An overlooked piece of Charlotte’s African-American history is being recommended for historic landmark status by the Charlotte-Mecklenburg Historic Landmarks Commission.
The group of historians voted June 12 to seek landmark designation for the home at 1703 Madison Avenue, which belonged to two-time gubernatorial candidate Reginald A. Hawkins. A City Council vote is required on the matter, and that is not expected until September, officials said.
Historians acknowledge the site northwest of uptown is not necessarily an architectural treasure. It’s basically just another mid-century modern suburban home in a city full of such structures.
However, it’s the life of Reginald Hawkins that makes his home worth preserving, says historian Dan Morrill of the commission.
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Hawkins, who died in 2007, was a major figure in the civil rights movement in the second half of the 20th century, but not the stoic, Bible-verse-quoting type.
He was confrontational, more like the members of the modern group Charlotte Uprising, which has recently made headlines for challenging elected officials, community leaders and police.
Hawkins distrusted the business elite of Charlotte and called them the “downtown Ku Klux Klan,” historians say. That approach made him enemies all over the city, including Charlotte Mayor Stanford Brookshire, who labeled Hawkins as “belligerent” and his actions an attempt at “coercion,” according to NorthCarolinaHistory.org.
Yet that didn’t stop Hawkins from running for North Carolina governor twice, in 1968 and again in 1971.
“In his opinion, the only effective way to make the Charlotte Chamber of Commerce and its allies listen was to impact their pocket books,” says Morrill. “Pugnacious and outspoken, he reveled in being controversial.”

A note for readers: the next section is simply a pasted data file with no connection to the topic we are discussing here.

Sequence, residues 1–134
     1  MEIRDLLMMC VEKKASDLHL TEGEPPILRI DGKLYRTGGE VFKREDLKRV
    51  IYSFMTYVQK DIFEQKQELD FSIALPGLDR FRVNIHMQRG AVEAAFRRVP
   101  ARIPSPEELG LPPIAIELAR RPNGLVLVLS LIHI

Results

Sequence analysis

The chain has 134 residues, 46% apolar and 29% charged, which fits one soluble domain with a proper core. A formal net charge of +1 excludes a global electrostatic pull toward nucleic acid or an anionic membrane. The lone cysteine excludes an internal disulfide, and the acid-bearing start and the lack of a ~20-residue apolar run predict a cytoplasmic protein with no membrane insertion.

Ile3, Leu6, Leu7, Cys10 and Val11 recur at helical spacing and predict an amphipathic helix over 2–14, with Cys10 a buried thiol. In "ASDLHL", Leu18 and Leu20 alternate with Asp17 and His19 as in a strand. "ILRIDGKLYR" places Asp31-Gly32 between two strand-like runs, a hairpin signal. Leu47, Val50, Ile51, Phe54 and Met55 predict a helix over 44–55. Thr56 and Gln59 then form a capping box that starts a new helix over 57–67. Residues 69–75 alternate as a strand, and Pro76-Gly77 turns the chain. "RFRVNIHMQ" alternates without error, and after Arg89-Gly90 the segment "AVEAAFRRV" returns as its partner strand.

The Madison Avenue home was the site of important meetings where civil rights luminaries met to plan their next moves in a movement that changed the city forever, Morrill says.
Hawkins, a native of Beaufort, N.C., moved to Charlotte in the early 1940s to attend Johnson C. Smith University. He went on to attend Howard University, where he got a dentistry degree, and set up practice in Charlotte in 1948, historians say.
Soon after, Hawkins joined the Charlotte NAACP chapter.
“He was a live wire, a dynamo, an unremitting and sometime caustic critic of the status quo,” Morrill says.
In 1943, Hawkins participated in the first public protest in Charlotte against segregation. It was over the refusal of the postmaster to hire African-Americans to work at the Post Office, according to the Historic Landmarks Commission.
Then, in 1953, he organized the initial Charlotte sit-in at the restaurant in Douglas Airport, because blacks were not then allowed to eat there, historians say. Three years later, he started the Mecklenburg Organization on Political Affairs to encourage blacks to vote as a bloc.
Hawkins was also among the plaintiffs when attorney Julius Chambers filed a groundbreaking lawsuit in federal court in 1965, contending that Charlotte-Mecklenburg Schools must increase the rate of racial integration.
It was a lawsuit that pitted Charlotteans against each other, even spawning acts of violence. That violence included a night in November 1965, when sticks of dynamite exploded in the yards of four local civil rights leaders, including Hawkins.
Hawkins responded to the noise by running out of his front door with a “high-scope rifle,” Morrill says.
The bombers were never found.
“His rhetoric continued sometimes to be wounding and disdainful, even condescending,” Morrill says of Hawkins. “But one cannot deny the contributions Hawkins made to the destruction of legal racial segregation.”